Data product Wind multipliers

Understand local wind speeds for hazard and risk assessment.

Last updated:18 June 2024

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Assessing local wind hazard

Severe wind can have a devastating impact on infrastructure and communities in Australia. Geoscience Australia undertakes significant research on wind speed due to its importance in predicting, mitigating and managing major risks and hazards caused by wind.

Wind multipliers are factors that transform regional wind speeds to local wind speeds based on the local area’s terrain. They are an integral part of the calculation used to assess wind speed accurately at the local level.

Who are wind multipliers for?

Wind multipliers, and concepts such as wind speed and wind loading, are used by construction industry professionals to ensure buildings and other infrastructure remain safe in the event of a severe wind gust. Wind multipliers are regularly used by engineers in building applications to make sure their infrastructure projects meet particular wind loading standards and codes.

Knowledge of wind multipliers and the latest wind-related research is also critical for those working in wind energy generation, wind risk assessment, bushfire spread modelling, waterway management, pollution dispersion analysis and farming.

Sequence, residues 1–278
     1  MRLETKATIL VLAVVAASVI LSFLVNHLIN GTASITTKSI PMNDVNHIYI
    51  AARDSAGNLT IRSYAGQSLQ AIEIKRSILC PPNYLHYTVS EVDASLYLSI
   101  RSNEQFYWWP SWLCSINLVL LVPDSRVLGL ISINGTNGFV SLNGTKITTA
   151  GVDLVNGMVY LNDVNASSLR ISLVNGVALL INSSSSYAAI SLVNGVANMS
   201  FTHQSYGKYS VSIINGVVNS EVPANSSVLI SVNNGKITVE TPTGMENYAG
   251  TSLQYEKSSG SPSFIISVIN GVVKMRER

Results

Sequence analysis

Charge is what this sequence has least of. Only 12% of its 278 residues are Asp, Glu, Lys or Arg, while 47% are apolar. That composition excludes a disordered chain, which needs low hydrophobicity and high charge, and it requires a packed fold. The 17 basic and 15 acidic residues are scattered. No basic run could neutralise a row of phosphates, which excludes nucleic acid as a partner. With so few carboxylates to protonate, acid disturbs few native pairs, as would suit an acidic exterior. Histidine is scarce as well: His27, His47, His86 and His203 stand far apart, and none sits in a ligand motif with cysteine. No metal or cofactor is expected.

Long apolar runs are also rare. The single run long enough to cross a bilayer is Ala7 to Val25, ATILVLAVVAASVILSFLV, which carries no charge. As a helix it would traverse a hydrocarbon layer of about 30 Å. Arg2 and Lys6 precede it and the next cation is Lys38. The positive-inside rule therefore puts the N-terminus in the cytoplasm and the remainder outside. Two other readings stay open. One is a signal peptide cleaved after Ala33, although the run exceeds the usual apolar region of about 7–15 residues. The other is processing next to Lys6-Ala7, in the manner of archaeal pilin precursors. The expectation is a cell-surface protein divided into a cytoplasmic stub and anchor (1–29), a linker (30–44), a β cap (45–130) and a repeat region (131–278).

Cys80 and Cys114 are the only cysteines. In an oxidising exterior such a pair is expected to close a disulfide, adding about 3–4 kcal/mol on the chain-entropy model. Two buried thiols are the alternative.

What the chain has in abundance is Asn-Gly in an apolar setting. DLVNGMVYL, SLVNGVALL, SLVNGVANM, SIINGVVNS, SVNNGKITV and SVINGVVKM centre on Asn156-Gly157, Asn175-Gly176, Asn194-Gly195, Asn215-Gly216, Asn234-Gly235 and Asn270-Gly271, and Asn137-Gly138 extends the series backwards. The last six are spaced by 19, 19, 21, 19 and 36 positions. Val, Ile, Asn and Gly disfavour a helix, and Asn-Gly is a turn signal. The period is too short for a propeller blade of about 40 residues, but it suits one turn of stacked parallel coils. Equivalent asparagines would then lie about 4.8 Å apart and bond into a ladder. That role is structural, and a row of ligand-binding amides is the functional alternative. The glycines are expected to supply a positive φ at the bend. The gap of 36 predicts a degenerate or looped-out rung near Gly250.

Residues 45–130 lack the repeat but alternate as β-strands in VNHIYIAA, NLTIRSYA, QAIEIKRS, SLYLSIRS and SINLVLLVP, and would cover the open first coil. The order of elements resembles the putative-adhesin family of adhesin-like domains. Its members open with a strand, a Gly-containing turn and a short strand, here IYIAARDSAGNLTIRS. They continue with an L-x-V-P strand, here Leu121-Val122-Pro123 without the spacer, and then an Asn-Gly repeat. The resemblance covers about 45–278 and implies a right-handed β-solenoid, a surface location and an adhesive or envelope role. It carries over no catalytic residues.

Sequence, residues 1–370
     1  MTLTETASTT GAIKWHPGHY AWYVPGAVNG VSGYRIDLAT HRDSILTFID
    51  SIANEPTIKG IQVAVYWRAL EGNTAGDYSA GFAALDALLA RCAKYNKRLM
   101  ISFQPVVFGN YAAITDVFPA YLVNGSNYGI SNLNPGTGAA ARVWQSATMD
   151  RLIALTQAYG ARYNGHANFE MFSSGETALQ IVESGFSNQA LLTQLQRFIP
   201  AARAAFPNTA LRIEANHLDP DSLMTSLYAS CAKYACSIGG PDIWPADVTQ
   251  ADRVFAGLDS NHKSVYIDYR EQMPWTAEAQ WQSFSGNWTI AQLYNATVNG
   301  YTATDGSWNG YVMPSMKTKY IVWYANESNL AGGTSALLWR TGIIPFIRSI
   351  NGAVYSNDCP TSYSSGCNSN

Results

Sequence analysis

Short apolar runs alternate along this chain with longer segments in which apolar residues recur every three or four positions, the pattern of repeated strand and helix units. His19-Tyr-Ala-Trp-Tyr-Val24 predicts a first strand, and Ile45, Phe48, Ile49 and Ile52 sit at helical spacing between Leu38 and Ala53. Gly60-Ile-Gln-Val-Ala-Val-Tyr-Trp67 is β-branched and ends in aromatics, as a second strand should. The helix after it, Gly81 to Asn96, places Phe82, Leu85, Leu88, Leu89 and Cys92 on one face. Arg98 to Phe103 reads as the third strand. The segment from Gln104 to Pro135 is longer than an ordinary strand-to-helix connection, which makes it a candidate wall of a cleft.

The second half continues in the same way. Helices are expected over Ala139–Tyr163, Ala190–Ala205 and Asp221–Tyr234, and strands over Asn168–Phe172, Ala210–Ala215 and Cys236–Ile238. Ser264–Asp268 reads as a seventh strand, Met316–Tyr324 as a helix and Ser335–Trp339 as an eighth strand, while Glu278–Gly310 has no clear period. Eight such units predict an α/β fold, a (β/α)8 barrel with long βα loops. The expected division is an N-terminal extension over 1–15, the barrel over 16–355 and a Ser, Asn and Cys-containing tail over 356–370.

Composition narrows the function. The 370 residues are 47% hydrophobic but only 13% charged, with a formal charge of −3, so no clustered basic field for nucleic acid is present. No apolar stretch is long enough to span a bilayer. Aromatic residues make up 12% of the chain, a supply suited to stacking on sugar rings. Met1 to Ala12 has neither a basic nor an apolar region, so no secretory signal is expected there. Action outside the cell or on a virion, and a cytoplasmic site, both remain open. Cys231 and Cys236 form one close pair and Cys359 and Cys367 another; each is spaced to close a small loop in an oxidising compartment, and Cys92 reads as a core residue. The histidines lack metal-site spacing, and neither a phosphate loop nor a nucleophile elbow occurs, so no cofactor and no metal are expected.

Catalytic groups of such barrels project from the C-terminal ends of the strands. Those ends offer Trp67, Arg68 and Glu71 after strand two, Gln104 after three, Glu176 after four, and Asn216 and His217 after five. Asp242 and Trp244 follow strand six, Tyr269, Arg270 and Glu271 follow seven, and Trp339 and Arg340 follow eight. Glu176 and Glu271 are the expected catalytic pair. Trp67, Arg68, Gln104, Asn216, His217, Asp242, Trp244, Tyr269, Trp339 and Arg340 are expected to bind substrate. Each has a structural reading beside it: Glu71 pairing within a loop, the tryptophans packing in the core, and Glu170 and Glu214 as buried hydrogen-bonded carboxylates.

How wind multipliers work

  • To understand wind hazards locally, wind speed is the most important wind behaviour to assess.
  • Several factors determine wind speed, including wind intensity, ground surface roughness, topography and height.
  • Wind multipliers are applied to regional wind speed data to calculate the local wind speed at a given location.
  • Four main wind multipliers help determine wind speed and the degree of wind hazard: wind direction, terrain/height, shielding and topography.
  • The impact of terrain (surface roughness) on wind speed can be significant – from the length of the grass, to whether the area is open or has trees, to whether it includes a low or high density of buildings.
  • How wind moves over a hill (known as the topographic effect) has a strong impact on wind behaviour and is determined using spatial algorithms.
  • Shielding multipliers are based on building height, width and density, providing a ‘shield’ around other buildings.

Good to know

Recent Geoscience Australia software updates and improvements to wind, terrain and topographic multiplier algorithms have improved the accuracy of local wind speed modelling. As a result, communities, engineers and emergency management services now have access to more reliable local wind hazard information.

Looking forward

Geoscience Australia will continue to explore the use of wind multipliers in assessing wind hazard and risk – particularly across new fields such as waterway management, lake flow modelling, and bushfire spread and impact assessment.

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Image of Senior Analyst, Stephen Gray from DFES

The selection of credible scenarios enables our sector to improve planning for response and recovery and, most importantly, inform mitigation strategies by having a scale of tangible events to plan against.

Stephen Gray

Senior Intelligence Analyst, The Western Australian Department of Fire and Emergency Services